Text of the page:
In addition to contributions to Deaf History Journal, he is the author of publications, Ackmar Road 1898-1983: A history of a London School for the Deaf (1998); Sir Arthur Henderson Fairbairn, 1852-1915: Britain’s Deaf and Dumb Baronet (jointly with A. F. Dimmock, 2006) and Burwood Park School: A photographic record of the School Years, cricket and football line-ups: 1955-1996 (2010)
Geoffrey represented the GB athletics team participating the World Games for the Deaf twice – in Belgrade, Yugoslavia in 1969 and Malmo, Sweden in 1973. In the final of the 400m Hurdles, Geoffrey raced with the world-class hurdler, Vyacheslav Skomorokhov who came 5th in the 1968 Olympic Games in Mexico.
She has always been interested in History, studying the subject at both ‘O’ and ‘A’ Level. (Incidentally she was in the same class as the BDHS Chair, John Hay for 7 years!). Now retired, her family regard Melinda as the official family historian and she has collected photos and items such as her deaf aunt’s Margate school hat (1920s). She has nearly completed writing a life story about her deaf mother, concentrating on the early years which included WWII. The wealth of her mother’s photos of school and home life is amazing and she also has lots of her mother’s school magazines and items. All her life she had been listening to her mother telling her school and home stories, as well as her grandfather’s, so she now knows them by heart!
She has also been researching her ancestry through the Ancestry website and visiting the National Archives at Kew. She has always known of her Irish ancestry, through her maternal grandfather, but it was only recently that she discovered she also had Dutch ancestry, through her paternal grandmother, thanks to the Ancestry website when a second cousin contacted her!
Anthony J. BOYCE (2008 – present)
Tony was born deaf, graduated at Reading University with a B.Sc. degree in Pure and Applied Mathematics and Physics in 1961. He was employed as a mathematical/scientific research officer at the British Welding Research Station near Cambridge for 3 years.
He was appointed to the teaching staff of the Yorkshire Residential School for the Deaf, Doncaster in 1964. In 1968, he was awarded the qualified teacher of the deaf status by the Department of Science and Education.
He taught Mathematics at the American School for the Deaf, West Hartford, (1969 – 1970) and was a Mathematics lecturer at Gallaudet College, Washington DC (1970 – 1971). He returned to Doncaster to continue teaching, and campaigned for more Deaf teachers.
In 1974, he gave a talk on Total Communication at the BDDA Congress at Ayr. He joined the National Study Group on Further and Higher Education for the Deaf (NSG) in 1975. He was convenor of the Working Party on Deaf Teachers (1977 – 1980). He represented NSG on the setting up of CACDP and gave talks on behalf of NSG.
In 1979, he initiated Doncaster College for the Deaf and became Head of Applied Technology. He started Computer studies, Electronics, Information Technology, CAD and CAM. He made a major contribution to training and educating students, resulting in HND/HNC courses. The College was awarded Grade 1 status in 1994, the same year has he retired.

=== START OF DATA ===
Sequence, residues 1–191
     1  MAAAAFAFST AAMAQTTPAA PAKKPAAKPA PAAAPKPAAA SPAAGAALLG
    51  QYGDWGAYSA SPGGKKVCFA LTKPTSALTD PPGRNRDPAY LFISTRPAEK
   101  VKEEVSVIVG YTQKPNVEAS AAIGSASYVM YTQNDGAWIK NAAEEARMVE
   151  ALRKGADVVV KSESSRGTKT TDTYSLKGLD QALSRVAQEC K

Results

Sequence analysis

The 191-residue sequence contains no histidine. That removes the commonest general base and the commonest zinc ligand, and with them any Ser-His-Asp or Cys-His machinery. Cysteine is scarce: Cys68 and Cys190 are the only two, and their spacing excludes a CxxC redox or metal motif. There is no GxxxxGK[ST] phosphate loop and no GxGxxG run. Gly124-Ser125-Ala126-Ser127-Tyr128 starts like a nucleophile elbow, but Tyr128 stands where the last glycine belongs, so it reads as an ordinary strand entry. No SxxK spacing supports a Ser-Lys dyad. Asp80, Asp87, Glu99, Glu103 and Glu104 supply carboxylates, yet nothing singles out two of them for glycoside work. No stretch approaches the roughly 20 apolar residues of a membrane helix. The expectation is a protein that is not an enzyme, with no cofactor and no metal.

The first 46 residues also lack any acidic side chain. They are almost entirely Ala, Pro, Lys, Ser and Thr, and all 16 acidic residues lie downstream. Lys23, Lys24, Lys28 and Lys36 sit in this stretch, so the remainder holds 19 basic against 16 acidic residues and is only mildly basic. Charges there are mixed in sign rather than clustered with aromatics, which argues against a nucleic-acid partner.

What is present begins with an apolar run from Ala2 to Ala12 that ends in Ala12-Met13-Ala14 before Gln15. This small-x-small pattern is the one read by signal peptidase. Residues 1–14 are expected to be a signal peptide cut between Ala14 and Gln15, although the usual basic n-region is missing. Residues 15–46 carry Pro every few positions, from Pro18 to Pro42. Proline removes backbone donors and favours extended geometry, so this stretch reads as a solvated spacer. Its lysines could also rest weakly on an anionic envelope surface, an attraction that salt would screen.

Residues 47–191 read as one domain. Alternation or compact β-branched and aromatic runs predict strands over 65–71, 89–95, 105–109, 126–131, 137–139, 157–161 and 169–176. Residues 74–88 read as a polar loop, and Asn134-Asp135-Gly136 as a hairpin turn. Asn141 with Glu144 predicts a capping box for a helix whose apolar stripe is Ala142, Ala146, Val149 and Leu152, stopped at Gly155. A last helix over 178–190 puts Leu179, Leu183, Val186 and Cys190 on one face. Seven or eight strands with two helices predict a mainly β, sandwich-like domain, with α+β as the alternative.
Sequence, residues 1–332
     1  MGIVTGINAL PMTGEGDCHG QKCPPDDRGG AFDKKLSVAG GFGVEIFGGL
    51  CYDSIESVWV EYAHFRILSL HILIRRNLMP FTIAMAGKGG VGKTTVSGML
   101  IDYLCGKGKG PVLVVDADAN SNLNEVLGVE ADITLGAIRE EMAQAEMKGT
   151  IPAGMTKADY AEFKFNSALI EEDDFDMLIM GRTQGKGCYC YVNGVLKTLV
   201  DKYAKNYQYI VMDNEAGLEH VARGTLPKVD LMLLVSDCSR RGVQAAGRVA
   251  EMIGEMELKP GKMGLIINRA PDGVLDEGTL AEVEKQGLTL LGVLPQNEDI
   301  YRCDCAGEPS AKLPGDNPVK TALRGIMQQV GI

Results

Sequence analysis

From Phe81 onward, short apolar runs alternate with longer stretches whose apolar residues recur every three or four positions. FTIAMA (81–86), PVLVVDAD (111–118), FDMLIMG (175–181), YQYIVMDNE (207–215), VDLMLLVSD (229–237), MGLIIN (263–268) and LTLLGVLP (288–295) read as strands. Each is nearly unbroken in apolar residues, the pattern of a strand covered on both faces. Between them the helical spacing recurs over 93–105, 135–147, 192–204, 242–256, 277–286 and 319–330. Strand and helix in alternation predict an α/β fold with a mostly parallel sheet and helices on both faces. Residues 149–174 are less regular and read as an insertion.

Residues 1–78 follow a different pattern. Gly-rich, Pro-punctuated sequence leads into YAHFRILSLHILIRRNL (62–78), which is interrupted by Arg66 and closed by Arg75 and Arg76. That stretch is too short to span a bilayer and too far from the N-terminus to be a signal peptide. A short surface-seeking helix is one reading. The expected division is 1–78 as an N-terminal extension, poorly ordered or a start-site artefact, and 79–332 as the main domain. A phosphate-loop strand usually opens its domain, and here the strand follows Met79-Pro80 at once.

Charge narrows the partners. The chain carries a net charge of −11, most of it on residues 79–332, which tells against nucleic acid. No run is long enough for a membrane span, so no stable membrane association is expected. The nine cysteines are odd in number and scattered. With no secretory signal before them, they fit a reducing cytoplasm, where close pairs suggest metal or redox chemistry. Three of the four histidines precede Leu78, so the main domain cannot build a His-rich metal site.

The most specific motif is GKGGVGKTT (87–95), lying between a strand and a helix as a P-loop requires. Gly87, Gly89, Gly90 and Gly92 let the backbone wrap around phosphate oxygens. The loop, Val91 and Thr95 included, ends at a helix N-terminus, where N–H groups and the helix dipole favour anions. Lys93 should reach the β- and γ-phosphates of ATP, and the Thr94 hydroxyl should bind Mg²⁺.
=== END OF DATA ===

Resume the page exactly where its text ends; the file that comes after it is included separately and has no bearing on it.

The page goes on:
He is involved with the British Deaf History Society (BDHS) since 1993; secretary of BDHS (1995 – 1998); co-initiated the Deaf History Journal in April 1997 and was on its editorial board (1997 – 2008); organised Deaf History workshops and wrote books and articles on Deaf History; he was the Chair of BDHS (1998 – 2001).
Past Honorary President
Arthur F. DIMMOCK, MBE, D.Arts (2000 – 2007)
The late Arthur Frederick Dimmock was the first-ever BDHS President, having been elected in 2000 at the BDHS AGM in Portsmouth where he lived for the later part of his life. Affectionately known as AFD, he wrote extensively on deaf issues, particularly history, for several journals aimed at deaf communities, both at home and abroad. He was also well-known for his monthly column Girdle Around the Earth, featured in British Deaf News from 1995 to 2006.
His publications pertaining to Deaf History include Sporting Heritage: A Record of the Activities of the Southern Deaf Sports Association since the founding year of 1947; Tommy: A Biography of the Distinguished Deaf Royal Painter, A. R. Thomson, 1894-1979 (1992); Cruel Legacy: Introduction to the Record of Deaf People in History (1993); Arthur James Wilson: 1858-1945 (1996); his own autobiography entitled Muted Passion: the Private & Public Career of a Deaf Optimist (1995); Deaf Mountaineering Club: its history and mountainlore (1998); Venerable Legacy: The Hand of Time, Saint Bede and the Anglo Celtic Contribution to Literary Numerical and Manual Language (1998); Sir Arthur Henderson Fairbairn, 1852-1915: Britain’s Deaf and Dumb Baronet (jointly with G. J. Eagling, 2006).
In 1992, the BDA Congress in Blackpool saw AFD being awarded the BDA Medal of Honour for his 50 years of service to the British deaf community. 1995 saw him awarded with an MBE for his services to deaf people and the RNID Deaf Impact Award for his journalistic contributions. In 2000, an Honorary Doctorate of the Arts was bestowed to AFD from the University of Wolverhampton in recognition of his journalism and work on deaf issues.